Time Out London's Scores

  • Movies
For 459 reviews, this publication has graded:
  • 46% higher than the average critic
  • 5% same as the average critic
  • 49% lower than the average critic
On average, this publication grades 0.5 points higher than other critics. (0-100 point scale)
Average Movie review score: 62
Highest review score: 100 20,000 Days on Earth
Lowest review score: 20 That Awkward Moment
Score distribution:
  1. Negative: 17 out of 459
459 movie reviews
  1. Despite much old-school splatter, it’s seldom frightening and oddly unfunny.
  2. The thrills and the effects are cheap, but this is in hard-driving, good-humoured command of its own silliness.
  3. There are no great upsets or fireworks here, just a tender sketch of what it means to (probably) be gay as a school kid. The storytelling style is as inoffensive as the music (Arvo Pärt, Belle and Sebastian), and the performances are amiable and relaxed.
  4. A tasteful grieving-family weepie, it's conceived and performed with utmost sincerity, yet lacks the intemperate human authenticity, the sense of profound strangeness in the everyday, that made Trier's ‘Reprise’ and ‘Oslo, August 31st’ so hard to shake.
  5. The unusually extended shooting period and Winterbottom’s decision to cast siblings as the kids make for a strangely intimate and powerful depiction of time passing and the peaks and troughs of childhood.
  6. Taken 3 scores over its predecessor on almost every level: the stakes are higher, the LA locations are nicely photographed and, best of all, there’s an actual plot, with twists and everything.
  7. Yes, The Lobster is arch: this is cinema in quotemarks, tongue-in-cheek storytelling that uses absurdity to hold a mirror to how we live and love. At its best, it has incisive things to say about how we shape ourselves and others just to banish the fear of being alone, unloved and friendless.
    • 43 Metascore
    • 60 Critic Score
    [Redemption] doesn’t always work but wins points for originality.
  8. As a study in human greed this is shocking, but as this thorough, convincing, if slightly stodgy film makes clear, it’s also a moment to mobilise public opinion and shape change.
  9. Beyond the shocks and games, there's not a great deal to take away in the form of meaty ideas or lingering themes, and its catchy premise doesn't really deliver in the end.
  10. It's très chic and charming but a bit disappointing when you see where it's headed.
  11. It’s impressive but not dazzling.
  12. A little too rough around the edges to fully engage.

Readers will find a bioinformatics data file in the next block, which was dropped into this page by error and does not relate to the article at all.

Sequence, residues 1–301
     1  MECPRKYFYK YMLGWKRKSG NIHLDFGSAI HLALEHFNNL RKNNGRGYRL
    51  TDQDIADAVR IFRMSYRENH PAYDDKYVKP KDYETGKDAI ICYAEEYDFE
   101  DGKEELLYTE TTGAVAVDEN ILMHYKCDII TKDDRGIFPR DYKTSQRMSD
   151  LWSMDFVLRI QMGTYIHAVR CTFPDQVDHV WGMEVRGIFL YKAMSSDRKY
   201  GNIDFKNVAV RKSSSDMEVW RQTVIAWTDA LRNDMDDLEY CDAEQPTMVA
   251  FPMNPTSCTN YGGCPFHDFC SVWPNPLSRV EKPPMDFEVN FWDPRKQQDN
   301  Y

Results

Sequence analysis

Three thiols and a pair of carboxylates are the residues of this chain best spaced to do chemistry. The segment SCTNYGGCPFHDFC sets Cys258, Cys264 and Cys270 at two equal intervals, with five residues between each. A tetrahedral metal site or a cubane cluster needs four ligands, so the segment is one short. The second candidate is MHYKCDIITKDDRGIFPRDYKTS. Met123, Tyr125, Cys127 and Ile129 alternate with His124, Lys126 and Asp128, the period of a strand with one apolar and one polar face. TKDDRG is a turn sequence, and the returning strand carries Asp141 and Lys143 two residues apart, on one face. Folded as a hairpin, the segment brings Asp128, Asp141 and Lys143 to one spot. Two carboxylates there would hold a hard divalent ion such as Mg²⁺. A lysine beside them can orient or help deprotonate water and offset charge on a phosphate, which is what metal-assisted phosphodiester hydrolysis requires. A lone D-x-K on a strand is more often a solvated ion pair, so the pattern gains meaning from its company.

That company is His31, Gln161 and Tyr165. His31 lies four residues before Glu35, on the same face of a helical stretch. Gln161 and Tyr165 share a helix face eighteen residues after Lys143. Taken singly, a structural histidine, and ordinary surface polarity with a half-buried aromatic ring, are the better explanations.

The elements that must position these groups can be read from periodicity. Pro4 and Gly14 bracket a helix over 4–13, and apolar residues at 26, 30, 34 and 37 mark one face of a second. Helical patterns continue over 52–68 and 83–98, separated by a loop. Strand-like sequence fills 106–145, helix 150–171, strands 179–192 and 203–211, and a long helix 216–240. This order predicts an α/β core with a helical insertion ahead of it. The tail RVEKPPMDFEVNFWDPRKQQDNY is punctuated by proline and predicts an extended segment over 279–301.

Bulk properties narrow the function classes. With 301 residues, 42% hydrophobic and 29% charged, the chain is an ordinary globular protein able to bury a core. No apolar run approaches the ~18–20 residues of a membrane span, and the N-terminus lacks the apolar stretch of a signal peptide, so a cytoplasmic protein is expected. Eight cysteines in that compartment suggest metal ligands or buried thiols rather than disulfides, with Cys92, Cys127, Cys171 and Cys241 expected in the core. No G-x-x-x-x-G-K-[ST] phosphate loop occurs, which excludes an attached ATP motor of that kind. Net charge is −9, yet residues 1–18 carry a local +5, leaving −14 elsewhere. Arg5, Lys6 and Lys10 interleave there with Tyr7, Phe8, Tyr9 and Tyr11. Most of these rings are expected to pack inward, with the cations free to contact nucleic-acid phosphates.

13. An overlong, at times almost plot-free soap opera that introduces a wealth of characters and dips into a wide variety of subplots but never comes together as a story.
  14. The result looks less like a horror flick and more like a thinking man’s action-thriller – the ‘Newsnight’ of zombie films (you’ll know if that’s your cup of tea).
  15. The first half of Magic Magic is greatly enjoyable... Sadly, director Sebastián Silva isn’t sure where to take his characters.
  16. Don’t tell Liam Neeson, but someone had the gall to make a violent Euro-thriller about a rampaging American dad without him. And not a bad one either.
  17. Good Kill is a dour, claustrophobic film, offering an acute and stunningly photographed exploration of middle-American banality and moral ambivalence.
  18. The film never works out how to generate genuine dramatic fire from its material. There are convincing performances and decorative retro detail to admire, but the heart needs to beat just that bit faster – and it doesn’t manage that.
  19. What marks out director Mike Newell and writer David Nicholls’s version is its impeccable acting.
  20. Ellis’s twisty plotting gets too clever-clever for its own good. But it’s pacy, engrossing, and Jake Macapagal’s turn as the plucky schmuck protagonist is stellar.
  21. Luckily, Hawke and Delpy remain as charming as ever, and their combined goofiness is more endearing than annoying. Winning, too, is the sense that this peculiar project, though imperfect, could grow old with its audience and its cast.
  22. Never less than slick, precision-tooled multiplex entertainment, Kingsman hews close to the formula Vaughn and his co-writer Jane Goldman established in their superficially similar "Kick-Ass": hyperspeed action, pithy one-liners and grotesque ultraviolence.
  23. The film can’t match the novel’s elegant, startlingly excellent Booker-Prize-winning writing, but a first-class cast (including Charlotte Rampling and Sinéad Cusack) make this an absorbing watch.
  24. It’s all put together with a crisp confidence that suggests its writer-director will swiftly move on to bigger things.
  25. It’s Bruni Tedeschi’s sure grasp of the milieu – and in particular her acute understanding of the specific foibles of a rich, arty but out-of-touch class nostalgic for an earlier era – that makes the film a modest but surprisingly substantial delight.
  26. The film’s said to be autobiographical, but that’s entirely left to us to guess.
  27. Desplechin’s film is a modest but very passable affair.
  28. Only Lovers Left Alive drags its feet and shows serious signs of anaemia as a story.
  29. The problem with the film is that Potts’s life story has been put through the Hollywood meatgrinder. Awkward details have been changed or erased – they’ve made Potts Welsh (he grew up in Bristol) and eliminated his siblings.

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